Inspector general dismisses ‘threat’ by top Spitzer energy aide

The state inspector general reported Thursday that she found no proof a top Spitzer administration a

The state inspector general reported Thursday that she found no proof a top Spitzer administration aide threatened the job of a regulator appointed by former Gov. George Pataki.

In a long anticipated report, Inspector General Kristine Hamann says there is no conclusive proof that Spitzer energy adviser Steven Mitnick threatened the job of state Public Service Commission member Cheryl Buley. Buley had said Mitnick threatened her so she would leave her position to make room for an appointee of Gov. Eliot Spitzer.

But the 130-page report is critical of how Mitnick and Spitzer’s nominee for PSC chairwoman operated during his brief tenure as deputy secretary for energy. Mitnick resigned in August to return to the private sector.

Buley made her claim in a dramatic statement at an April PSC meeting involving a New York City blackout, recounting private conversations with Mitnick over the previous months.

Hamann also said there was insufficient evidence to prove Spitzer’s then-nominee for chairwoman of the PSC, Angela Beddoe, violated any criminal or ethics statutes.

But she said Beddoe — while still an executive at the PSC-regulated utility company Energy East Management Corp. — inappropriately targeted for demotion or firing several state workers who had clashed with Energy East or were critical of her nomination on ethical grounds. Energy East subsidiaries include New York State Electric & Gas Co. and Rochester Gas & Electric. The report said Beddoe declined an “acting” role in the administration because she didn’t want to immediately sever her ties with the company.

Beddoe also interviewed a state administrative law judge, Eleanor Stein, for a possible promotion even as Stein was presiding over matters involving Energy East and its subsidiaries, according to Hamann.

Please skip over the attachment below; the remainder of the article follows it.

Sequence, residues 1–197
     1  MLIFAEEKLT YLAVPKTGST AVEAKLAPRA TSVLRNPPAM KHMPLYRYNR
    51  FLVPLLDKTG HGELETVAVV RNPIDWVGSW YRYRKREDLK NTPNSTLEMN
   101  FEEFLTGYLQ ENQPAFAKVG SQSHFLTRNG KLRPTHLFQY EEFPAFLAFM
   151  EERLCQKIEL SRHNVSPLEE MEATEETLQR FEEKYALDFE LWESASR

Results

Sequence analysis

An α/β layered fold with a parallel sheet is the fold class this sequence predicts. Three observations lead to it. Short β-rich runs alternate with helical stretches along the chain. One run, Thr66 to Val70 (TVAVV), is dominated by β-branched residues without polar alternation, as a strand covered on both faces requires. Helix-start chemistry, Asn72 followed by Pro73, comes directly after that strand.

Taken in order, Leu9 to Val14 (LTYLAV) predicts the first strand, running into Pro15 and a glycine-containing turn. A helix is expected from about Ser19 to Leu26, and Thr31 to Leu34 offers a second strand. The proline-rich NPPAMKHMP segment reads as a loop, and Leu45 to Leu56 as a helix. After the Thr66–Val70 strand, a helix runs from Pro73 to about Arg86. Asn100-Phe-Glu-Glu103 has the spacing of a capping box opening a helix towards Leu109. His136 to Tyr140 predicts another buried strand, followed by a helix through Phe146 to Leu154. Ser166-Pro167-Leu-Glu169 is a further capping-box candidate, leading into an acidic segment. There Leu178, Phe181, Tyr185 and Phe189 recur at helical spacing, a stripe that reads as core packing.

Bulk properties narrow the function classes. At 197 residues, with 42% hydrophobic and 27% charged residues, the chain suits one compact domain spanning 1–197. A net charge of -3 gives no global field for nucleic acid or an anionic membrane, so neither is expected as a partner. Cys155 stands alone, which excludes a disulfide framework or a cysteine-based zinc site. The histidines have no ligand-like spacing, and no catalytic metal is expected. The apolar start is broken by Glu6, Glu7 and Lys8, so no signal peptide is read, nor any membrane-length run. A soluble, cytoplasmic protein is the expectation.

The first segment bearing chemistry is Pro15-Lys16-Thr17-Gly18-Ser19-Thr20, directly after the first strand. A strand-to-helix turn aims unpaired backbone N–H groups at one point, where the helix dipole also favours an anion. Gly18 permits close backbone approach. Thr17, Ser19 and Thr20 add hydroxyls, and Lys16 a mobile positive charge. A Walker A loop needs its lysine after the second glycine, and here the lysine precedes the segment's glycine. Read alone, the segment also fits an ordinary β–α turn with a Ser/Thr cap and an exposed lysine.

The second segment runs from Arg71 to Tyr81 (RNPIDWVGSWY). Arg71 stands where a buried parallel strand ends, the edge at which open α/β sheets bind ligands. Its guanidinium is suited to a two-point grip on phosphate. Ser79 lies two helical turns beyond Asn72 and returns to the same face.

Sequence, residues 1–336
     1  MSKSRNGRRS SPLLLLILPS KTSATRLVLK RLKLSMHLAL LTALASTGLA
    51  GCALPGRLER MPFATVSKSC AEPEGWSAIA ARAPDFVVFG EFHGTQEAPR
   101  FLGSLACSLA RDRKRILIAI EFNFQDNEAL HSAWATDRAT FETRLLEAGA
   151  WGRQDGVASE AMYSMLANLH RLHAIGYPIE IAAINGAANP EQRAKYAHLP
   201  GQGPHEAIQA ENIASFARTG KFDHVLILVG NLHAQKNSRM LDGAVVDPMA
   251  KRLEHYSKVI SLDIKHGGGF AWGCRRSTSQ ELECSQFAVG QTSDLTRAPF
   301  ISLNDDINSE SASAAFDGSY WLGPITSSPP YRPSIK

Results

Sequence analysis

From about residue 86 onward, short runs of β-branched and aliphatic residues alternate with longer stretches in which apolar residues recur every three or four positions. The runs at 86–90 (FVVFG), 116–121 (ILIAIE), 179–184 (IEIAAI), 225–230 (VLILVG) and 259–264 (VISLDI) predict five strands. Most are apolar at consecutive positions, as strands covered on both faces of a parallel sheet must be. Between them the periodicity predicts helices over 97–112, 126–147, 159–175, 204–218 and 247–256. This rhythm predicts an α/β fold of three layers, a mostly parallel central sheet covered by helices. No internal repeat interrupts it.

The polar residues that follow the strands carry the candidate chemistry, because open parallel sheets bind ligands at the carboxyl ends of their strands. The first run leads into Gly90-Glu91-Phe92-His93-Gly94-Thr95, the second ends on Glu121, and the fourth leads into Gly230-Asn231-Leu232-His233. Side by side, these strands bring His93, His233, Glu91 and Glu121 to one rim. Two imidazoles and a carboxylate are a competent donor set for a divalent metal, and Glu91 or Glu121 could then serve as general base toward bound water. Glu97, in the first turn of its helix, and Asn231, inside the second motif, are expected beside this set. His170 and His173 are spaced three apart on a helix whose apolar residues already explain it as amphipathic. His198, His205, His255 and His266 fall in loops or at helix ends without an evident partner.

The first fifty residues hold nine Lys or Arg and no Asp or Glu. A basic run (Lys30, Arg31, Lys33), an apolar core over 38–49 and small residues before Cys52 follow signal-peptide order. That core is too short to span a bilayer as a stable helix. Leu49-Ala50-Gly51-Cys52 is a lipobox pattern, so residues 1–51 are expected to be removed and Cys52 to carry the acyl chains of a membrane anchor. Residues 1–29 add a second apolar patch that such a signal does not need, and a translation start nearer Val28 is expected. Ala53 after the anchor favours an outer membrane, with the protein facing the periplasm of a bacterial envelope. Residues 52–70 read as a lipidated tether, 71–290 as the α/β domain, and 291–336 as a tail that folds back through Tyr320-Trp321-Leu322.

Beddoe withdrew her nomination in June rather than face a likely difficult confirmation hearing run by Senate Republicans.

As for Mitnick, Hamann’s statement reported that “there is no dispute that Mitnick requested Buley to resign from the PSC based on his belief that she was unqualified.” But such a request is permissible — even common — for an incoming governor, Hamann said.

Hamann said interviews, including those involving Mitnick and Buley, also showed Buley was seeking another state job. She once asked a friend to see if Mitnick could help return her to the state Racing and Wagering Board job she left to join the PSC, according to the report.

“I’m feeling elated,” Mitnick told The Associated Press, adding that he planned to release a formal statement.

Spitzer spokesman Errol Cockfield said the administration is pleased the Mitnick issue is resolved.

“The Inspector General’s report makes clear that incoming administrations are permitted and in fact expected to bring new leadership to government agencies,” Cockfield said. He declined to comment on the Beddoe case because it is pending before the state Public Integrity Commission.

There was no immediate comment from Spitzer or Buley. Beddoe couldn’t immediately be reached for comment.

The conflict over Mitnick was among the first of many that arose in 2007 between the new Democratic governor’s administration and the state Senate’s Republican majority, which immediately called for an investigation of Buley’s claim.

In September, Republican senators accused Hamann of failing to do her job so she could protect Spitzer when she investigated another scandal that had snared two other Spitzer aides. In that case, she found no evidence that the two aides misused state police in a plot to smear Republican Senate leader Joseph Bruno. But she was criticized for not producing her own report, instead concurring with a report by the state attorney general’s office.

In the report released Thursday, Hamann said witnesses believed Mitnick exercised poor judgment when he told Buley the governor could rely on a little used state law to remove her from office, even though he knew Spitzer had ruled that out.

Hamann said witnesses described Mitnick as “impatient, overbearing and even aggressive” in dealing with state employees.

And “Mitnick created a climate fraught with apparent ethical conflicts” by holding inappropriate meetings involving Beddoe with staff, according to the Inspector General’s Office statement.

Hamann hinted at why the investigation took as long as it did, citing the number of interviews and conflicting testimony, including Buley’s statement at one point questioning whether she was threatened.

“Testimony gathered during this investigation sheds doubt on the credibility of both Mitnick’s and Buley’s version of events,” the report stated. “While Mitnick used the words ‘careful,’ ‘circumspect,’ and ‘sensitive’ to describe his actions, others called him overbearing and bullying. On the other hand, a number of witnesses, including Buley’s fellow commissioners, expressed doubt about her credibility.”

Hamann sent her report to the state Public Integrity Commission for review. The commission, run by a board with a Spitzer-appointed majority, could sanction any current state employees.

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